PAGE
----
Fade Emphasize Reorient

This photo of my father, sister, and me on the back porch at my grandmother’s served as a writing prompt. It goes on some but if you want the gist, just read the first two paragraphs. Some of the pix below are double exposures created in response to this week’s Paris Collage Collective’s challenge. Those filter-plays made a statement about memory — how in one moment one detail comes forward and another fades and in another moment, some other emphasis occurs, some other element disappears.

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The thin woman on the porch lounger I don’t recognize, but she is my mother. Her eyes are closed, head canted away from the chair across the porch where my grandmother — her mother-in-law — sits. Is it respite Mom seeks? A moment of quiet in the hubbub of family — nieces, nephews, sisters and brothers-in-law — all crammed tight in the borough of Queens, mere blocks separating their cluttered lives?

Meanwhile, on the steps my father puts one paternal arm around my sister, who is seated on his lap, and uses the other to pull a reluctant four-year-old me into his side. He looks intent. Perhaps he exerts a little force. The sun is in his eyes. Does my mother sleep or merely pretend? I’m certain that I am whining, while my sister stares with a stoic maturity at the camera lens, her left arm hanging at her side, a casual refusal to hold the fatherly hand that keeps her on his lap.

His hand looks so big.

My sister and I wear matching red plaid dresses with white aprons. I’m certain my mother sewed them. Earlier that day, she must’ve helped tug on our matching white ankle socks and buckle our patent leather Mary Janes.

His hand so big, our Mary Janes so small. A repeating rhythm of white — socks and apron bibs. His face intent, mine in high whine, my sister stoic.

I imagine my grandmother is talking to my mother and my mother’s closed eyes and head canted away constitute a pointed refusal to engage. It’s not just the weariness, in other words, of raising children. There is a third out of the frame, by the way — my brother.

Legend has it my mother was hysterical and temperamental but to hear her tell it, the family in Queens was cruel and excluded her. Who wouldn’t turn away? Who wouldn’t throw a dish or two at some later date, especially if after twelve years or so she continued to feel marginalized, unheard?

I can speak to my mother’s bouts of hysteria but I can also say with confidence that she was a good judge of character. So who knows? I suspect alcohol had a lot to do with any undercurrents and skewed allegiances.

My whining face shows up again and again in the scant archive of my girlhood. Usually with my father behind the lens, perhaps in service of a Christmas photo. Early on I think: what a sour puss! Later: what was it about my father’s gaze that so discomforted me?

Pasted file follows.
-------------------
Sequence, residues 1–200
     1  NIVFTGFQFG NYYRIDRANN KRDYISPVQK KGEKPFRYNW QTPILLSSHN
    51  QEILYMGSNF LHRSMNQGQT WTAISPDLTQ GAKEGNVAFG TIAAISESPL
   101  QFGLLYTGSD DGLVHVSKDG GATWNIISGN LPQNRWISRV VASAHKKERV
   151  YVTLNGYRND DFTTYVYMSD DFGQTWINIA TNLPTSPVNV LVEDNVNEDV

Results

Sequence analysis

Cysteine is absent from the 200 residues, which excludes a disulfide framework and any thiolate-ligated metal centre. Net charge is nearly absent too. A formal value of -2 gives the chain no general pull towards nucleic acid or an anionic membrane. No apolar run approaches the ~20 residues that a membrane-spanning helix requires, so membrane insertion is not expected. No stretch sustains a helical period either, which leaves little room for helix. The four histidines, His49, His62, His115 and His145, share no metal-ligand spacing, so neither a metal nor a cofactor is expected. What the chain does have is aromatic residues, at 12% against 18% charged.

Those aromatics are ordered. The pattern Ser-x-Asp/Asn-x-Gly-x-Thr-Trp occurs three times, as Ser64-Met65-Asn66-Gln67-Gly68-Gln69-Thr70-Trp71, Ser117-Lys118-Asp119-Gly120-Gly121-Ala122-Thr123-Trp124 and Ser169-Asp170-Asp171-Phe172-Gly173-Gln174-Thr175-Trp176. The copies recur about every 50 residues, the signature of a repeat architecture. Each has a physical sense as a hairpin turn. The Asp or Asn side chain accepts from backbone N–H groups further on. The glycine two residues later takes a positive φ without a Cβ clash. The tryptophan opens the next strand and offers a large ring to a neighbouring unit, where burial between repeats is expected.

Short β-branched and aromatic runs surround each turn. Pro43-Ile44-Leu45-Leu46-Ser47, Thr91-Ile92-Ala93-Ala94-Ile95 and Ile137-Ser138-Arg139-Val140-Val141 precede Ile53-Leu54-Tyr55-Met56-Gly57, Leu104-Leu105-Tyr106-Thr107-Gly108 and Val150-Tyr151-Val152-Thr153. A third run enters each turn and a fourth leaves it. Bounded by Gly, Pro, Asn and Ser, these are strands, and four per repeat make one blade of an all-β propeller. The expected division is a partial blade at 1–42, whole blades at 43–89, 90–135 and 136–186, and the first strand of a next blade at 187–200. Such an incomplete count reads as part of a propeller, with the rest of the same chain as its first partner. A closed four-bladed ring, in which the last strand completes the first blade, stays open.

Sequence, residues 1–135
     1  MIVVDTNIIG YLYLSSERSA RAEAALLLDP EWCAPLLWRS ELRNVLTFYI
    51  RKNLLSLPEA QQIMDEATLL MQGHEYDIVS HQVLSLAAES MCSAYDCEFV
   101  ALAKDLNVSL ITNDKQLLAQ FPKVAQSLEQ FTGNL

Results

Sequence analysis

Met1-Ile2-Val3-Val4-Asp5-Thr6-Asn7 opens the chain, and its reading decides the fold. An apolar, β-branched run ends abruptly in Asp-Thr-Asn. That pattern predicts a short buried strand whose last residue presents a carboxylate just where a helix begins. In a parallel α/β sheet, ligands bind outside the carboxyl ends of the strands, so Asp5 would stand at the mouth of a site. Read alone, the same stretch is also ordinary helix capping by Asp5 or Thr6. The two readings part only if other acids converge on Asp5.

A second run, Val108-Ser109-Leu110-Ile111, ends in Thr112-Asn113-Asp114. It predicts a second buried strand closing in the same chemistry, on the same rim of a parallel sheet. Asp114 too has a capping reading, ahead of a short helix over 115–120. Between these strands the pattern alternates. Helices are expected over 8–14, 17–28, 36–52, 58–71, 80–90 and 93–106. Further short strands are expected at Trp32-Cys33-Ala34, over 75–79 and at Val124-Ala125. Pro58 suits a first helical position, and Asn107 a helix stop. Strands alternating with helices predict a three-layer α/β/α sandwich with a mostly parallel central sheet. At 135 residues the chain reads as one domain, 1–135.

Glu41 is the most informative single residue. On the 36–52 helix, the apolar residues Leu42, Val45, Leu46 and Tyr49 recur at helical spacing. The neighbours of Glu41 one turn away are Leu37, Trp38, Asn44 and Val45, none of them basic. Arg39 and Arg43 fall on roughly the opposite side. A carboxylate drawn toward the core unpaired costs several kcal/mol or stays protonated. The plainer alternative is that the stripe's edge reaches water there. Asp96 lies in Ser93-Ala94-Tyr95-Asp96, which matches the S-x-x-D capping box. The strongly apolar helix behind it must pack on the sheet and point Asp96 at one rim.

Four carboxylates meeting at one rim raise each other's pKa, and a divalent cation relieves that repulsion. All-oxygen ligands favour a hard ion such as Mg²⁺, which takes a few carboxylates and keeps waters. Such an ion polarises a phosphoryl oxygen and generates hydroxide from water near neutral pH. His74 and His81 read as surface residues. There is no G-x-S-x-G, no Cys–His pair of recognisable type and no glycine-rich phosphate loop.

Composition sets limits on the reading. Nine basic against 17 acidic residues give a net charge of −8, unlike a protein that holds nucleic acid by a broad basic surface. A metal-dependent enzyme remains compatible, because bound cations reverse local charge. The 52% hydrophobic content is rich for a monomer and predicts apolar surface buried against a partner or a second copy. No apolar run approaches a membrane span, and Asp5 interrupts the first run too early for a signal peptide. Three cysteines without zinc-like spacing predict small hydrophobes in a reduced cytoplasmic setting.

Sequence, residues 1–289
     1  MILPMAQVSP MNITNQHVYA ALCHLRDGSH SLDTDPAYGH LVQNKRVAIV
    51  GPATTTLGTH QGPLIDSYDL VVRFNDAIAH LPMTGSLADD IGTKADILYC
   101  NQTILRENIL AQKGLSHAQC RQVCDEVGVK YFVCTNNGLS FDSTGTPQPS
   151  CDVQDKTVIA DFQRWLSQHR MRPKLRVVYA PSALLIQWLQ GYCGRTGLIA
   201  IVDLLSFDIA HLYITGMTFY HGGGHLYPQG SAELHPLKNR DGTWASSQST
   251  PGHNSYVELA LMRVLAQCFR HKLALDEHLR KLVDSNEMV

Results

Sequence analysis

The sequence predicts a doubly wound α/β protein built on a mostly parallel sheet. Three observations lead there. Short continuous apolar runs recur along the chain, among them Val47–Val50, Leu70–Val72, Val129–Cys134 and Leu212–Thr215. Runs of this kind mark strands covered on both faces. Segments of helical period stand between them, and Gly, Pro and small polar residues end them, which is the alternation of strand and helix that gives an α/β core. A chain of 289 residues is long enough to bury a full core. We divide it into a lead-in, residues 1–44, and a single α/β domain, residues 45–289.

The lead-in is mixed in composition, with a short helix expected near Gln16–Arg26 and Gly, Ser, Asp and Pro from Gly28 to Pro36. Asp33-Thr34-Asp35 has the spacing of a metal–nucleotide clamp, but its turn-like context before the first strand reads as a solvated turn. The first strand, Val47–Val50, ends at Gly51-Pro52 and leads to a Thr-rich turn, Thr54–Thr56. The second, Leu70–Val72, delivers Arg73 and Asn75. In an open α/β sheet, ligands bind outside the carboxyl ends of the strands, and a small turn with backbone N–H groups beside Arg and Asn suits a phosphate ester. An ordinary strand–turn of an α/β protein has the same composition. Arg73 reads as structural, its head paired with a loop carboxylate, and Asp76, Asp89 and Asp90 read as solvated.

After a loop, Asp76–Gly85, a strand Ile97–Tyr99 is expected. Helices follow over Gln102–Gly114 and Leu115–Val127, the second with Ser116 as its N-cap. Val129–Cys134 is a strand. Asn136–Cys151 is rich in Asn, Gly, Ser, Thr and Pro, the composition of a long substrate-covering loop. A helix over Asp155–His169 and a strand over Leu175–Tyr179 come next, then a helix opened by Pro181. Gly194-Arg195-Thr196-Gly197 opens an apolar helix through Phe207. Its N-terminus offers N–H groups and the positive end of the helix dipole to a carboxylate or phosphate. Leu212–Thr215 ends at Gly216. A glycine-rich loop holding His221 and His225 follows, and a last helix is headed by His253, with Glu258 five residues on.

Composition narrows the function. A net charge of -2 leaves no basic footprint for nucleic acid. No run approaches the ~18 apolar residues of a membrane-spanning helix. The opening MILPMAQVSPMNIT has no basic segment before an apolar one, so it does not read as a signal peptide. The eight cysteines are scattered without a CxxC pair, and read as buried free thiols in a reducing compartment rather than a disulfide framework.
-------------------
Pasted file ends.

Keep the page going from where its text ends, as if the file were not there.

Who knows with what harsh insistence he demanded we three sit still? My squirming surely had something to do with the outfit as well — the built-in tulle slip, itchy in the extreme, and the too-tight collar, one year wrapped in a faux mink.

We were special alright. The matching expertly-made outfits a kind of testimony.

When my cousin sends batch after batch of recently converted slides, the paucity in my own family record is once again brought to mind.

The gaps in the record. The whining.

On a porch in Woodhaven, Queens, I am sipping Coke out of a glass bottle. Unbeknownst to the adults, ADD not even being an idea back then never mind a diagnosis, the caffeine probably calmed me, afforded some extra boost with which to deal with the reluctant pose, the itchy dress, the summer sweat in my father’s armpit, my mother’s non-discriminating refusal to engage.

In many pictures I can’t tell if the tow-headed girl is my sister or me.

In one batch, there are gleeful baby shots. Clearly me but a version I am unacquainted with. There I am clothed only in a diaper — smiling, mouth open in laughter, a slight blur because I’m leaning into a joyful roll. These photos are doubly provocative. One — as previously mentioned, the absence of such photos in my family photo boxes. And two, the near certainty that someone NOT MY FATHER looked through the lens, therefore capturing a child mid-rolic, giggling with a sparkle missing in every single Christmas photo.

I say “every single Christmas photo” like it was an annual thing when it may have only happened twice. The tradition unsustainable, for whatever reason.

We came to the porch in Queens from Schenectady, Pittsfield, or Rome, Georgia. Outsiders. Tow-headed from southern sun — okay Georgia, then. Where my brother was born. Dressed like little dolls, fed Coke, called to sit for a picture. My father sports a crew cut — the engineer on a corporate ladder, unlike the family he left behind — cops, homemakers, secretaries, and linemen. He pulls me close. I don’t like it. My mother’s head turned away, eyes closed.

If I saw girls dressed like this today I’d cringe and wonder what nightmarish home schooling they were made to endure, what fundamentalist dogma corrupted their souls. But back then it was standard fare. Siblings dressed as twins. A mother who sews.

And then there’s the father trying to exert control, imposing mild threats perhaps, one daughter wriggling in complaint, the other consigned to his big hand on her thigh, her own hand hanging down, passive and apart.